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The European Central Bank has raised interest rates by another 0.25% as inflation remains above targets

The European Central Bank (ECB) made a significant move by raising its three main interest rates by 0.25%. Prior to this decision, analysts were divided over whether the eurozone’s central bank would continue its streak of consecutive rate hikes or pause the increases.

However, alongside the rate hike announcement, the ECB conveyed its belief that it had possibly reached a point where rates had been increased sufficiently to potentially rein in inflation. This indication hinted that the series of rate hikes might come to a halt in the near future.

The ECB stated, “Based on its current assessment, the Governing Council considers that the key ECB interest rates have reached levels that, maintained for a sufficiently long duration, will make a substantial contribution to the timely return of inflation to the target.”

Furthermore, it added, “The Governing Council’s future decisions will ensure that the key ECB interest rates will be set at sufficiently restrictive levels for as long as necessary.”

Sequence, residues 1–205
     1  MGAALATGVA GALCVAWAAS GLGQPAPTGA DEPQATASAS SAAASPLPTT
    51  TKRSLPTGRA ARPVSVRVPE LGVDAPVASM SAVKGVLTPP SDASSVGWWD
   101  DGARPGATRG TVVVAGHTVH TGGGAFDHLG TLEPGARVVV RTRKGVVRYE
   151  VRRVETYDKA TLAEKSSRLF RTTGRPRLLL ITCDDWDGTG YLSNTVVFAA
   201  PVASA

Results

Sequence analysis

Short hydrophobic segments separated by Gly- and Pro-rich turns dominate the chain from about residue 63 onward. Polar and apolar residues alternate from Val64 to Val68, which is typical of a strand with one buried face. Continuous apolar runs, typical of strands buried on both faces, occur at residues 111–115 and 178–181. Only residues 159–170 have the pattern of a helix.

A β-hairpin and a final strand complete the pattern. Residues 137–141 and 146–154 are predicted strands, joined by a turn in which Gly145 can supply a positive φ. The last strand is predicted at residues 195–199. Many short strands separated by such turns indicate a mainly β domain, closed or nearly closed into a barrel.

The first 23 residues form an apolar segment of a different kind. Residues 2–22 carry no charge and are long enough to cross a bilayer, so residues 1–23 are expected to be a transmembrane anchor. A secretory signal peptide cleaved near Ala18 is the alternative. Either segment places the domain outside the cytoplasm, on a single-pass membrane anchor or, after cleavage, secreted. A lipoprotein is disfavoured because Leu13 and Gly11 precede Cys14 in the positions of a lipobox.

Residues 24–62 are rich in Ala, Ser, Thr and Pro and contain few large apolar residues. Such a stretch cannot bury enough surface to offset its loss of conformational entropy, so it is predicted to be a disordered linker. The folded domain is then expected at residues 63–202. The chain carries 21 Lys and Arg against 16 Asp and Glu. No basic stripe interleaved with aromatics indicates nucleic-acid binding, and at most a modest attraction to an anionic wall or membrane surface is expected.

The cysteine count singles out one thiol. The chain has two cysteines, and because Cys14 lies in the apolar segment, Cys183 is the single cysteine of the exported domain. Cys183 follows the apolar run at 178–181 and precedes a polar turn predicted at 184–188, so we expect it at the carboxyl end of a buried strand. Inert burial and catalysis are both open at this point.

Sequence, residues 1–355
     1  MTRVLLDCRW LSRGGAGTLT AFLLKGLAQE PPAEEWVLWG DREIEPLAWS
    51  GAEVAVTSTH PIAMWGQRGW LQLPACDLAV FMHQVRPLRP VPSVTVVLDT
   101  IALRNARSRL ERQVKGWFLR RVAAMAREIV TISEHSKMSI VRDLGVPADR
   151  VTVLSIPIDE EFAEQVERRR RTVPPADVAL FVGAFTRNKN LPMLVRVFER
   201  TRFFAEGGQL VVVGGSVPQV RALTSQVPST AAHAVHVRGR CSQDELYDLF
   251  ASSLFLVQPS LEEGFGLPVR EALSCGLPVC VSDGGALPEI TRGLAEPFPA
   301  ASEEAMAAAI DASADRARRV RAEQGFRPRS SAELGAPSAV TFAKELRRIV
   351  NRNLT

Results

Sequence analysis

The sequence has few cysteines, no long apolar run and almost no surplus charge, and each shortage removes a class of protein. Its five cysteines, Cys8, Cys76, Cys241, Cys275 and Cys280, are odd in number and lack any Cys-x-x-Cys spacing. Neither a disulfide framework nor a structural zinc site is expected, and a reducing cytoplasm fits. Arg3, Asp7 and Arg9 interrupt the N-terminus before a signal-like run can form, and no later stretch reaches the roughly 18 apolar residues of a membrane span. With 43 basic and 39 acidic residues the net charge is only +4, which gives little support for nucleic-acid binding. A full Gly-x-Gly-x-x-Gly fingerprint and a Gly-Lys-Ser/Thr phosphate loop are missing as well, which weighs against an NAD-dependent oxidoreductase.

The changes resulting from this decision include the main refinancing operations rate, typically charged to commercial lenders for borrowing money and arguably the most pivotal of the three, which now stands at 4.5%.

Additionally, the deposit facility rate, paid to lenders depositing funds with the ECB on a short-term basis, has risen to 4%.

Lastly, the marginal lending facility rate, paid by commercial lenders for short-term liquidity injections, has been set at 4.75%.


Eurozone Inflation to Decrease More Gradually than Previously Forecasted, Says ECB

The European Central Bank (ECB) has revised its inflation outlook, indicating that inflation in the eurozone will decline at a slower pace than projected three months ago. The bank now anticipates an annual inflation rate of 5.6%, compared to the previous estimate of 5.4% in June.

During a news conference, ECB President Christine Lagarde emphasised that while inflation is on a downward trajectory, it is still expected to persist at levels considered excessively high for an extended period. She stated, “Inflation continues to decline but is still expected to remain too high for too long,” and affirmed the ECB’s commitment to ensuring that inflation returns to their medium-term target of 2% in a timely manner.

In response to a question regarding the consecutive interest rate hikes, Lagarde conveyed that they cannot definitively state that they have reached a peak at this juncture. She emphasised that future decisions regarding interest rate increases would hinge on data and economic conditions, underlining the ECB’s data-dependent approach.

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